If the Onteora District Middle/High School tipping point on recent contentious subjects began with the Indian Mascot, it was then followed by discussions (still ongoing) over banning the Confederate Flag on school property. At its October 10 meeting at Phoenicia Elementary School, board of education trustees were asked to tackle the subject of immigrant students via a proposal to create a district Safe Zone.
Amy Gustafson a teacher at Phoenicia Elementary School and Jo Salas, a volunteer with the Ulster Immigrant Defense Network (UIDN) presented information on the subject. The Federal law protects immigrant students, allowing them to attend public schools no matter what their legal status may be. Gustafson said roughly 20 percent of students at Phoenicia School alone are from other countries. The primary function of a Safe Zone would be to make sure everyone, including the non-immigrant community, is aware that immigrant students are safe to attend pubic school. Salas said there is a great deal of “misinformation” going around on the issue. “The law has already established the right of all students regardless of their immigration status,” Gustafson said, “but we see a need for our schools to make this information explicit and readily available to all, for immigrant and non-immigrant families.”
The Ulster chapter of UIDN was formed by local communities of faith, local organizations and concerned residents due to recent events unfolding over anti-immigrant prejudice. The National Education Association is the countrywide branch of the grassroots movement to create Safe Zones in school, primarily through teachers. To date 95 school districts across the U.S. have adopted Safe Zones.
Bullying, stress, and intimidation are just a few problems immigrant children face. “Some of the clergy were getting reports that some of the kids were being targeted on account of their immigration status perceived or otherwise,” Salas said.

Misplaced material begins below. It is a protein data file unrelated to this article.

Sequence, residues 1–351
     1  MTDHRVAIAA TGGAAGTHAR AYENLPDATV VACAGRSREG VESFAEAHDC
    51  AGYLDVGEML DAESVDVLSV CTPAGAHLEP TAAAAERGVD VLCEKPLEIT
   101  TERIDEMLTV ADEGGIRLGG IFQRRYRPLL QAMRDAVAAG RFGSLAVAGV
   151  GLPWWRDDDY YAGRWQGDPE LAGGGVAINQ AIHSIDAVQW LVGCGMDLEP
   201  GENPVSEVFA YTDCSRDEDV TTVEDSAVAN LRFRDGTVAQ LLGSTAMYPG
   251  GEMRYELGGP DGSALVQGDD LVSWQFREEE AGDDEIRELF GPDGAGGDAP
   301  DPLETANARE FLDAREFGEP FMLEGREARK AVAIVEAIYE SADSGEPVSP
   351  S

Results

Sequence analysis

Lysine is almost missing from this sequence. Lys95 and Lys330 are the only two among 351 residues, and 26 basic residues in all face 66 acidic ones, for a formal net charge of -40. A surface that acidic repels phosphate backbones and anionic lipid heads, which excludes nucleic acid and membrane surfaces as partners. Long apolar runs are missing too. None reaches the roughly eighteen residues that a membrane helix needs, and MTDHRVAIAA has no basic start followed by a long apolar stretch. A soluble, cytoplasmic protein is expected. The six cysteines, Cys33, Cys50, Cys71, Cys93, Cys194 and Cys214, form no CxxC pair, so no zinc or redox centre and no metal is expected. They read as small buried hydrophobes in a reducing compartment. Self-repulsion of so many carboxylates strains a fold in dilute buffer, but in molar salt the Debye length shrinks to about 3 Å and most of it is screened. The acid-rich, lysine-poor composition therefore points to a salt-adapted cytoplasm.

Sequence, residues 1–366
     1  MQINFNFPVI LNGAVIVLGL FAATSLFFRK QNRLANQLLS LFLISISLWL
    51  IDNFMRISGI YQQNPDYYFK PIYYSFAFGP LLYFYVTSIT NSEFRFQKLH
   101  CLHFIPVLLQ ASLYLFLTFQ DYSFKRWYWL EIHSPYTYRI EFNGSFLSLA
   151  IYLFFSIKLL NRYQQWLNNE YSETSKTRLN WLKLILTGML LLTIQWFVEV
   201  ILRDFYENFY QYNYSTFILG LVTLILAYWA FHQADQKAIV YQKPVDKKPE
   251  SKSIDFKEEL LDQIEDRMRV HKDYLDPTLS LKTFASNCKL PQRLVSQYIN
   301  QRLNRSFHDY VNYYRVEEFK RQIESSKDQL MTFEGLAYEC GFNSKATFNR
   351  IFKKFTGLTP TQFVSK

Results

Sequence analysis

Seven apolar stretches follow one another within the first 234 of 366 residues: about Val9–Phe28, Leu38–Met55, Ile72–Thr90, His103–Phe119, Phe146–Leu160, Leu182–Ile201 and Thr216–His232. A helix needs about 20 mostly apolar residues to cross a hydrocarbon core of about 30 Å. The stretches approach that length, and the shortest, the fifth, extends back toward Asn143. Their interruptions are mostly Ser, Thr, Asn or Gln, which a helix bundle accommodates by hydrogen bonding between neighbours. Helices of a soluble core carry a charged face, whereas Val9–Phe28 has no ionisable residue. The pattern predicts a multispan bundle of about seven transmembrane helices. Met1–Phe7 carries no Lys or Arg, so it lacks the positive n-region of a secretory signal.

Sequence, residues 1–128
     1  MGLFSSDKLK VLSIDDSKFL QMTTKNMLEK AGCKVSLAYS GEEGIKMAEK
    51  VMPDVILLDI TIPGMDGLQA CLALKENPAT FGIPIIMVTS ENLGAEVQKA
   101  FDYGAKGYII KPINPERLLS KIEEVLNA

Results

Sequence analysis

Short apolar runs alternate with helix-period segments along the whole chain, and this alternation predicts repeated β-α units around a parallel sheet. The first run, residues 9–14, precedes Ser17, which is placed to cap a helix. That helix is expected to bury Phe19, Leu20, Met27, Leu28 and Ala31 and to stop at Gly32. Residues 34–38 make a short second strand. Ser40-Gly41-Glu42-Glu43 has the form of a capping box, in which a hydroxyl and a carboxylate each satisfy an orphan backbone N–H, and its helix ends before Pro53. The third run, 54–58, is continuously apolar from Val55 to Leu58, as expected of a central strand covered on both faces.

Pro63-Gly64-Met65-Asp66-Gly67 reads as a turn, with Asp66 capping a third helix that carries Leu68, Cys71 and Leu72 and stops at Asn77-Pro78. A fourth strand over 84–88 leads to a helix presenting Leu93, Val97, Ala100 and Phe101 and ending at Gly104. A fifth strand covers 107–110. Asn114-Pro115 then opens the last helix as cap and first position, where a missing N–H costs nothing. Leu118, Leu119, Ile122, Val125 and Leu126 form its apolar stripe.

UIDN is new, filling a need to help people who are victims of the current anti-immigrant backlash. Salas has been presenting this information to school districts throughout Ulster County. “We are about to launch a 24 hour bilingual help line which will connect people to resources that they need as best we can,” she said. “We are developing rapid response teams that are standing by, just to be present, witness and document-its for people who might be under immediate threat of deportation.” The Board will mull over adopting a Safe Zone resolution at future meetings. School Board President Kevin Salem said he would like to run it by the district lawyers.
The board tackled another potentially divisive topic in the form of approving a resolution that will change all the pronouns in the policy manual to be gender neutral. Salem said, “There are places in our policy where we take out his or her and replace it with ‘their.’” The resolution grandfathers in the change as policy renewals get reviewed. Trustee Bennet Ratcliff asked, “So you would also be replacing it with them, their and they?” Salem said, “yes, we would use them, their, and they, as opposed to his/her or he/she.” Ratcliff said, “They, is also singular, it’s recognized by the Oxford English Dictionary and the AP Style Manual.” Osmond introduced a resolution that would enforce policies as gender neutral noting that girls are targeted in the handbook and reprimanded more than boys regarding clothing. Salem agreed however said the matter needed to be addressed separately.
Press box needs replacing
Trustee Rob Kurnit said the recent buildings report showed that the press box and bleachers at the football/track field needed to be replaced. The press box alone was given priority that it was no longer a safe structure. Ratcliff wondered if a press box was even necessary. Superintendent Victoria McLaren said, “Although it’s casually called the press box, it’s more the announcers room. That is where the announcers sit so they can see.” She said the stands and bleachers are built as one unit now and it’s a priority that the current structures be replaced.